Max capacity – 40 persons<br />

Sun Spirit<br />

62ft long catamaran<br />

Max capacity – 70 persons<br />

Sky Flirt<br />

85ft long catamaran<br />

Max capacity – 80 persons<br />

Wind and Sea<br />


www.grenadines-windandsea.com • windandsealtd@gmail.com<br />

Bougainvilla, Clifton, Union Island • Tel: 1 784 458 8678 • Cell: 1 784 493 3128

Want to be a cruiser, but don’t own your own boat? A Caribbean boat charter offers all<br />

the exotic adventures of sailing, without the added complexities of actually owning a vessel.<br />

It is the ultimate self-directed, all-inclusive holiday experience, with commensurate pricing<br />

and a range of offers, from the more luxurious – if you want to be pampered, for instance,<br />

you could hire captain and crew to cater to your demands – to something a little more DIY,<br />

such as a bare boat charter, where you supply your own crew, in order to fully experience<br />

the hypnotic rhythms of St. Vincent sailing. Imagine: a new, secluded beach, bathing suits,<br />

snorkeling, diving, the catch of the day prepared right on the beach you just swam to. Just<br />

the sort of holiday friends, lovers, and family will never forget.<br />

If you are interested in finding out how to take advantage of the ultimate all-inclusive<br />

package that will fit any visitor’s abilities, budget and desires, go to our website www.westindiespublishing.com<br />

to see what is available for you.<br />



This is not a Fairy Tale ... It is Real!<br />

Longstanding family businesses fascinate us all. The transition from generation to generation<br />

is always the greatest challenge notwithstanding the need to evolve and to modernize. The<br />

La Grenade family of Grenada has done it all, with a history of successful family enterprises<br />

dating back to the 18th century. Louis La Grenade established his family’s business legacy by<br />

becoming one of the first free men of colour to acquire extensive land holdings in Grenada, and<br />

further owned schooners to ship the sugar and spices grown on his plantation. This shipping<br />

arm formed the basis for the De La Grenade Industries we have today.<br />

The story goes that a Dutch missionary, stuck on the Banda islands in Indonesia with few<br />

material possessions, made a deal with Louis La Grenade: in return for passage, he gave the<br />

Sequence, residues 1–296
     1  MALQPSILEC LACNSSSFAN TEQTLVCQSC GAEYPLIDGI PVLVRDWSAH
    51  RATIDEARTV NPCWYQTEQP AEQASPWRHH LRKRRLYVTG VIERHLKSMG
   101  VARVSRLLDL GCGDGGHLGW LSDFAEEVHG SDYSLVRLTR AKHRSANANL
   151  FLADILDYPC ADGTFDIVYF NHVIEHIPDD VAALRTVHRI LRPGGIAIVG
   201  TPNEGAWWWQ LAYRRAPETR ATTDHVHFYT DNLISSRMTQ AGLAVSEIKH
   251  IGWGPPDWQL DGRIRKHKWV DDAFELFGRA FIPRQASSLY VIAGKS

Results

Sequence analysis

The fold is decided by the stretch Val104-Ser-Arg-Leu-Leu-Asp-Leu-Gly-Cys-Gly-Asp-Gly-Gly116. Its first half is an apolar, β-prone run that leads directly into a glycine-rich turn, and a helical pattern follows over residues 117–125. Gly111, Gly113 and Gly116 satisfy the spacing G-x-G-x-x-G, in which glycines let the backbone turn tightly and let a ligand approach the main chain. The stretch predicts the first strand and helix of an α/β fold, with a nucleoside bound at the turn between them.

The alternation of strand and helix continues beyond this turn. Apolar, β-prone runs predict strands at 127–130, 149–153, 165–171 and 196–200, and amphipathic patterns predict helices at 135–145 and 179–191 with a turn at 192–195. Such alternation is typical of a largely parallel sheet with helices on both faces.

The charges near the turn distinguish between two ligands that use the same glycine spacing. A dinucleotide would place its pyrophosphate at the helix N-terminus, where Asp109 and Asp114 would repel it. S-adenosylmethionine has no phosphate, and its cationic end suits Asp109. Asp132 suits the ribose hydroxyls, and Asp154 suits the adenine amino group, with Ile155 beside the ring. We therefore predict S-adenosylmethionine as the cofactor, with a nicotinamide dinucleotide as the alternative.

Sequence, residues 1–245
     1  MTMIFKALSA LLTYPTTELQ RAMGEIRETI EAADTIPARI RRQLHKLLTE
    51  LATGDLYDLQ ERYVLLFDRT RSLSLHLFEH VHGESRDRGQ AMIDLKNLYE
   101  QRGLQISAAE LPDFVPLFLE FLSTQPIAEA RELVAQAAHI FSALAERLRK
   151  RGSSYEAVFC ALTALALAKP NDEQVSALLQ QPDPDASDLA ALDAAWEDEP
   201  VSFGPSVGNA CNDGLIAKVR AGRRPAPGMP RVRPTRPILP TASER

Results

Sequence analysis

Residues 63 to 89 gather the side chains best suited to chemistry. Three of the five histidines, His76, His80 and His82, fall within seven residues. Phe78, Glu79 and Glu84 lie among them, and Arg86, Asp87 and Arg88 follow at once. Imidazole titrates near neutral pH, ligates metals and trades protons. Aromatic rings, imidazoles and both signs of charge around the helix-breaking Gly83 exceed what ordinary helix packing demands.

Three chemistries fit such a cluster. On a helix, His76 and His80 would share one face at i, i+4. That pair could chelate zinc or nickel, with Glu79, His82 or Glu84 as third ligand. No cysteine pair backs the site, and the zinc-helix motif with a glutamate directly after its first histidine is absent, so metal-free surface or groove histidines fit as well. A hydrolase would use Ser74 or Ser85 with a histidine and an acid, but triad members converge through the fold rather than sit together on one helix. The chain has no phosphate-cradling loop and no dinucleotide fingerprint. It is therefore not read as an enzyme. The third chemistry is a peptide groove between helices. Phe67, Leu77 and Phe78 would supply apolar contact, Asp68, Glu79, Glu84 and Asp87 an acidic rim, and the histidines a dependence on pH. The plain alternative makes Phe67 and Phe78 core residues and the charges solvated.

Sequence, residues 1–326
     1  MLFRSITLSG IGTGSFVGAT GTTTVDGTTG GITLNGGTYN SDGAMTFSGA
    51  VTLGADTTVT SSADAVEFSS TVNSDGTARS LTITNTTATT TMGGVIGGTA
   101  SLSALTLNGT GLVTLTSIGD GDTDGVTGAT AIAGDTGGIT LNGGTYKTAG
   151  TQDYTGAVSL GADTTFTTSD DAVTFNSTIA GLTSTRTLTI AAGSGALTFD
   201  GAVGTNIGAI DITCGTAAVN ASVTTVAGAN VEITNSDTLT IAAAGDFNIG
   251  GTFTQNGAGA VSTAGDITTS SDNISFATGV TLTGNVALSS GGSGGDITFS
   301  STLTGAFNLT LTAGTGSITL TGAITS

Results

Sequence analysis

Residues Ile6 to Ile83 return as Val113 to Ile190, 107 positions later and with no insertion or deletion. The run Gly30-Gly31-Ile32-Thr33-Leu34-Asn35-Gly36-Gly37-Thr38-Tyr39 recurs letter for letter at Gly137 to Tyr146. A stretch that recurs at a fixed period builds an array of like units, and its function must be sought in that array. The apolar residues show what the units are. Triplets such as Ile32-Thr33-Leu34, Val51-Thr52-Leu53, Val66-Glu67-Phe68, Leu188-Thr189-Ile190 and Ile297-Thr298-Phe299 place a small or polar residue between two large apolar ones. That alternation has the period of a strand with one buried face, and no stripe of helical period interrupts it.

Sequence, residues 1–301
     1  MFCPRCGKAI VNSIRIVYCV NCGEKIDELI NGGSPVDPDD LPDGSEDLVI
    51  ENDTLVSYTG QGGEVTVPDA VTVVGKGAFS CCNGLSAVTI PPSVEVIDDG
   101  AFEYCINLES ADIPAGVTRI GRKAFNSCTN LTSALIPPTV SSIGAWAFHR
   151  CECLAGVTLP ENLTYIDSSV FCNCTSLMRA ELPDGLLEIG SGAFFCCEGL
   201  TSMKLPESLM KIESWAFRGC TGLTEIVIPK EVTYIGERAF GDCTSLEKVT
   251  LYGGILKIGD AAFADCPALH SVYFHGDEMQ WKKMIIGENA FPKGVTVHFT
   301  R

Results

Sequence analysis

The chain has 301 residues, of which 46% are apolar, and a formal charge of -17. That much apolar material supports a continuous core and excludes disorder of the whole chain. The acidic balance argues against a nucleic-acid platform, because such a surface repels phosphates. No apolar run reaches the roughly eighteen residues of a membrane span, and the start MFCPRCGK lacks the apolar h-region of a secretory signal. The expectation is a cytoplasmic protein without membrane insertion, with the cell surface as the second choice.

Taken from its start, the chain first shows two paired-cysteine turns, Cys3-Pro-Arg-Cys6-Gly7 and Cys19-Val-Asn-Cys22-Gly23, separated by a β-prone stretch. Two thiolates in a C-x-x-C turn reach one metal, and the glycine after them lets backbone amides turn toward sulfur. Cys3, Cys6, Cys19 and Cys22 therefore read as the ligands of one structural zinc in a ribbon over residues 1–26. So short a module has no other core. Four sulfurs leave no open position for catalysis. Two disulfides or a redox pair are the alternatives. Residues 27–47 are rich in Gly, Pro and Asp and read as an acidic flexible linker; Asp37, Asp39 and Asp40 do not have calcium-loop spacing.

businessman some dry seeds and an exotic liqueur recipe. This two hundred (200) year old family<br />

secret recipe can be found today in La Grenade Liqueur. This international award-winning<br />

product has become a cornerstone of De la Grenade Industries. It’s those nutmeg seeds which<br />

helped transplant nutmeg production into the Caribbean, where today Grenada is the second<br />

largest nutmeg producer in the world.<br />

Parts of the estate stayed within the family over the intervening years and until Sybil La<br />

Grenade started her home products company, there were no ongoing operations on the property.<br />

Sybil began her career as a school teacher, focusing on home economics, and would eventually<br />


ise to become Grenada’s home economics<br />

supervisor in the late 1960’s. It was around<br />

this time that she started La Grenade<br />

Home Products, the precursor to today’s<br />

De La Grenade Industries. The company<br />

was incorporated in 1984. In 1990, Morne<br />

Délice Nutmeg Syrup, first developed in<br />

1969, received the Grand Gold Medal and La<br />

Grenade Liqueur, the Gold Medal from the<br />

Monde Selection in Brussels 1 ; Construction<br />

on the family’s factory had only begun that<br />

same year; heretofore the award-winning<br />

syrup was being manufactured in a house!<br />

It must be stated, Morne Délice Nutmeg<br />

Syrup was the first Caribbean food product<br />

to receive the Grand Gold Medal from the<br />

Monde Selection.<br />

Sybil’s life was tragically cut short in<br />

1991; her daughter Cécile – a US-trained<br />

food technologist, now Governor-General<br />

of Grenada – would take over, leading the<br />

transition from cottage industry to full commercialization,<br />

expanding the company’s<br />

product range which includes offerings such<br />

as Morne Délice Nutmeg Jam, Morne Délice<br />

Nutmeg Jelly, Morne Délice Guava Jam,<br />

Morne Délice Guava Jelly, De La Grenade<br />

Liqueur, De La Grenade Orange Marmalade,<br />

De La Grenade Grapefruit Marmalade, De<br />

La Grenade Pepper Jelly, De La Grenade<br />

Rum Punch, De La Grenade Seamoss, De<br />

La Grenade Ginger Syrup, De La Grenade<br />

Mauby Syrup, and De La Grenade Pepper<br />

Sauce, De La Grenade Curry Mango and De<br />

La Grenade Lime Pepper Pickle.<br />

De La Grenade has now introduced<br />

three additional line of products; Nutmeg<br />

Tamarind Dipping Sauce, Nutmeg Ginger<br />

Barbeque Sauce and a Herbal Marinade;<br />

made from fresh local herbs and spices from<br />

De La Grenade’s garden.<br />

Seek out Morne Délice after reading<br />

this article for you will not only taste a<br />

great Caribbean product to take home but<br />

also taste bit of history that you can savor<br />

with every bite. This is not a Fairy tale…<br />

It is Real!<br />

1. Monde Selection, (circa 1961), test consumer products to assure customers that the product they purchase is of great<br />

quality. Four levels of awards exist, from highest to lowest are: Grand Gold, Gold, Silver and Bronze awards.<br />